Gambling promoters from the U.S. Virgin Islands paid $100,000 yesterday to D.C. elections officials as part of an agreement that ends for now their campaign to legalize slot machines in the nation's capital.
Under the agreement, negotiated late Wednesday with the D.C. Board of Elections and Ethics, proponents of the gambling initiative vowed to drop their bid to put the issue before District voters. They also agreed to pay the board $100,000 and to receive training from city lawyers if they decide to start the initiative process anew.
The board did not require gambling advocates to admit that they violated D.C. election laws when they launched a last-minute petition drive over the Christmas holiday in hopes of winning a spot on the 2006 ballot, months after the board had rejected the slots initiative. Still, board Chairman Wilma A. Lewis said the agreement would bring an end to activities that the board continues to view as illegal.
"By this action, the Board believes that it has appropriately addressed the issues surrounding this matter," Lewis said in a written statement. "The actions taken by the board emphasize its commitment to enforce the District of Columbia election and campaign finance laws and maintain the integrity of the electoral process."
George Jones, an attorney for a political action committee formed to promote the gambling measure, said his clients are pleased with the agreement, which ends a dispute over whether the measure could legally be revived.
Jones said his clients have not decided whether they will start the initiative process anew. If they do, he said, they will be happy to consult first with attorneys at the elections board and in the D.C. Office of Campaign Finance.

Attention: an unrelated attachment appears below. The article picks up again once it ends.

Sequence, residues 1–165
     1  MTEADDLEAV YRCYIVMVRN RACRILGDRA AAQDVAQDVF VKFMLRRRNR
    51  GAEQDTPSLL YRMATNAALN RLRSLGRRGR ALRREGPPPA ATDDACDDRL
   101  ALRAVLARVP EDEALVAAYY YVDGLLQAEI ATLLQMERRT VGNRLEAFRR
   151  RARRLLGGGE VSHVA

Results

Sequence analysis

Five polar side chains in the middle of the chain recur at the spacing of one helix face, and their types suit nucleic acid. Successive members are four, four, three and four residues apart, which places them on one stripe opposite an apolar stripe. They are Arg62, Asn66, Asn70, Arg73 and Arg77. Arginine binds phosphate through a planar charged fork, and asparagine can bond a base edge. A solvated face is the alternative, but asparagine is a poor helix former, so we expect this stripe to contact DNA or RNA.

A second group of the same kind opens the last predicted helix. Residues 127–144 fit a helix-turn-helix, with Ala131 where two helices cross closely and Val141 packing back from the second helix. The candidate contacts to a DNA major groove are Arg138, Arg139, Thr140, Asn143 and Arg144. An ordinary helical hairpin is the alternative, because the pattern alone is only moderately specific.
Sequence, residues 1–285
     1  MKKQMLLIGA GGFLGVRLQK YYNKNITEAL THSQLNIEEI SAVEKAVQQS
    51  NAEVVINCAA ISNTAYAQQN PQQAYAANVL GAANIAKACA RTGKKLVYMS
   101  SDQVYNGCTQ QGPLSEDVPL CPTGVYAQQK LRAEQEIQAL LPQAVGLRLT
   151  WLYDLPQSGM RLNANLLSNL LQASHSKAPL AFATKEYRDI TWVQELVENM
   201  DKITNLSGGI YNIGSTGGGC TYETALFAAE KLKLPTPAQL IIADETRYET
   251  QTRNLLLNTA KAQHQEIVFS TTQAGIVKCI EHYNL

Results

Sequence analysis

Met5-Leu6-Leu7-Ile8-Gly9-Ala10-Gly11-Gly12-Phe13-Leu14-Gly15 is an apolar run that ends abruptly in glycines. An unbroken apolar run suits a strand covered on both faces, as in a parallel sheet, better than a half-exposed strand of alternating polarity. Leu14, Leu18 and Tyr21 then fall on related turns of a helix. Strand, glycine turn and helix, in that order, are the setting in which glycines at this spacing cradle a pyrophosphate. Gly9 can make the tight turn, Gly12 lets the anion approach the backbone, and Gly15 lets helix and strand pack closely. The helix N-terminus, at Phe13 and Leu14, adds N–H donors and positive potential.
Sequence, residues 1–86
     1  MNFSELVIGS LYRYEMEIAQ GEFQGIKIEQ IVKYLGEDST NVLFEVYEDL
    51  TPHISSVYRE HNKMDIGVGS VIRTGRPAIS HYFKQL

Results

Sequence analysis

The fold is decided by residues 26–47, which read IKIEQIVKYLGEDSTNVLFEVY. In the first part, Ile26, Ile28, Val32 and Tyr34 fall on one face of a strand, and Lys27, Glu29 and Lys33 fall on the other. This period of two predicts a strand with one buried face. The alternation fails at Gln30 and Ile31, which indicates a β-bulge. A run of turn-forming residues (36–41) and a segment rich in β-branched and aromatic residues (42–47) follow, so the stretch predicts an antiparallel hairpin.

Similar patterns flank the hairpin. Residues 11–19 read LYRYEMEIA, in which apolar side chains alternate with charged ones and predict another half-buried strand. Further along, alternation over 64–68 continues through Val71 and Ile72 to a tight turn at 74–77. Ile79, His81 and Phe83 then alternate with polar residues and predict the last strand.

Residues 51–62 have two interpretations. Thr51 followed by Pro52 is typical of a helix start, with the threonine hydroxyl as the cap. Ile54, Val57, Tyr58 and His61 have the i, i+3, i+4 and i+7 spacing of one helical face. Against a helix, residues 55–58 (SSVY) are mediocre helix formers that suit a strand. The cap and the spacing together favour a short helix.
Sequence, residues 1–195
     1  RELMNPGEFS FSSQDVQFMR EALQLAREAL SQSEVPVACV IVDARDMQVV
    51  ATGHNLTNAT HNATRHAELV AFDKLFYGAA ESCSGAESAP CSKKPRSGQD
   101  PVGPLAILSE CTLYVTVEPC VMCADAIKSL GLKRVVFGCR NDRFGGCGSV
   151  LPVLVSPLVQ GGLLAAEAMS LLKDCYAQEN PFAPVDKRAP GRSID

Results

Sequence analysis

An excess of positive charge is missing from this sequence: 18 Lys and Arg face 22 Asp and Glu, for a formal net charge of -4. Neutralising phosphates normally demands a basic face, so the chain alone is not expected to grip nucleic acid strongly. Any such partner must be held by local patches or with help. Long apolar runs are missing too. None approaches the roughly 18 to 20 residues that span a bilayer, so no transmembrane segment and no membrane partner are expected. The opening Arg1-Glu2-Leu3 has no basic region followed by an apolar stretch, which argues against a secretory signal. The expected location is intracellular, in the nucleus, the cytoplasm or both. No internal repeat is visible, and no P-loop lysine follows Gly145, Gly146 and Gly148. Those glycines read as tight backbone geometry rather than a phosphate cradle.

"We really do want to get it right if we decide to go forward," Jones said. "This is crazy. We've already spent a small fortune."
At issue is a proposal to construct an entertainment complex containing 3,500 slot machines on a 14-acre site at New York Avenue and Bladensburg Road NE. The plan is the brainchild of Shawn Scott, a St. Croix entrepreneur who, along with his associates, has spent nearly $1.7 million on a campaign to persuade D.C. voters to legalize slot machines and authorize construction of a gambling parlor on the site.
In August, the elections board ruled that gambling promoters had not qualified for a spot on the 2004 ballot because they had failed to obtain a sufficient number of valid signatures. Though petition circulators had gathered far more than the 17,599 required by law, the board threw out thousands of signatures that it determined had been forged or fraudulently obtained by petition circulators who were not District residents.
In December, gambling advocates tried to revive the initiative by collecting more signatures. Yesterday's agreement ends that effort. Slots supporters now face a penalty hearing to determine whether they should be fined for misconduct during the July petition drive. A hearing on that matter is scheduled for March 10.